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Jun 29

Injury prevention webinar series aiming to empower coaches to empower players after layoff – The Journal News

Sports injuries are always a concern, but with high school athletes working out on their ownthe last few months, worry has increased about what might happen when organized workouts restart.

Injury prevention for Section 1 athletesis a mainfocus of the 90-minute, sports-specific webinar programspromoted by Nyack athletic director Joe Sigillo and developedfor coaches and trainers by Dr. Alexander Rosado, the owner of Bardonia Physical Therapy in Rockland and Orange counties.

"Sports medicine professionals expect a high rate of injury," said Rosado, citing in part athletes' lack of exposureto athletic trainers, in-person coaching andgyms.

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It's an issue, he says, that extends from the professional level all the way down to the youth level.Statistically,most soft-tissue injuries occur in the first third of seasons, Rosado noted. The lengthy COVID-19 layoff increases the likelihood of an issue.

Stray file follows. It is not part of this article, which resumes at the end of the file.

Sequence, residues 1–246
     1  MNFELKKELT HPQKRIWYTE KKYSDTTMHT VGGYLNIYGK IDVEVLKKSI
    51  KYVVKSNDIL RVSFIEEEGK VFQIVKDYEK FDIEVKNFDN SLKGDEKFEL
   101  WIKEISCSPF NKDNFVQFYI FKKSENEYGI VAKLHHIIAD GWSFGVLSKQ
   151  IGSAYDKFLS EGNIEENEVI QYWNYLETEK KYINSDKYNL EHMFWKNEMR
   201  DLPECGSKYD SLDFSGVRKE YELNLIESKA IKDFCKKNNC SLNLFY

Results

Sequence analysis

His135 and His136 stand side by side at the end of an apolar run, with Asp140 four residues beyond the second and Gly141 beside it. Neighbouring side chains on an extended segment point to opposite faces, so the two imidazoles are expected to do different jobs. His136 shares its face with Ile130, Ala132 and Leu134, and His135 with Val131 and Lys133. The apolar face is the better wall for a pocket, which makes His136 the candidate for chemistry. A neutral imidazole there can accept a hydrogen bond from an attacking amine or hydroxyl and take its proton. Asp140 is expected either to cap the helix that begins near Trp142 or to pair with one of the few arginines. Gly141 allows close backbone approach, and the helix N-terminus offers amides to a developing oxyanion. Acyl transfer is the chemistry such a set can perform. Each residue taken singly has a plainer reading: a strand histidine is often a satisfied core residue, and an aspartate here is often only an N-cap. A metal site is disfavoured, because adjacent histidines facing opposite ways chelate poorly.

Julianna Hanigan, left, takes a shot on goalkeeper Emma Conlin during preseason practice at Albertus Magnus High School in Bardonia on Wednesday, August 15, 2018. With team sports being on hold since March and with no in-person training, those who work in sports medicine worry injuries will multiply in fall sports this year.(Photo: John Meore/The Journal News)

Information about sport-specific movement, nutrition, hydration, mindset, speed, agility, strengthand recovery will be included in each interactive session. Data will be provided about injuries and their recurrence with information included about practice warm-ups that have specific purposes, according toSigillo, who notedSection 1 conferences financed the project.

Fall high school sports practices are slated to begin Aug. 24. It's unclear when Gov. Andrew Cuomo may give a green light to informalteam conditioning workouts sometime before that.

Much of the information is designed for coaches to share with their athletes so they can begin immediately incorporating things like specific pre-workout stretching into their exercise routines.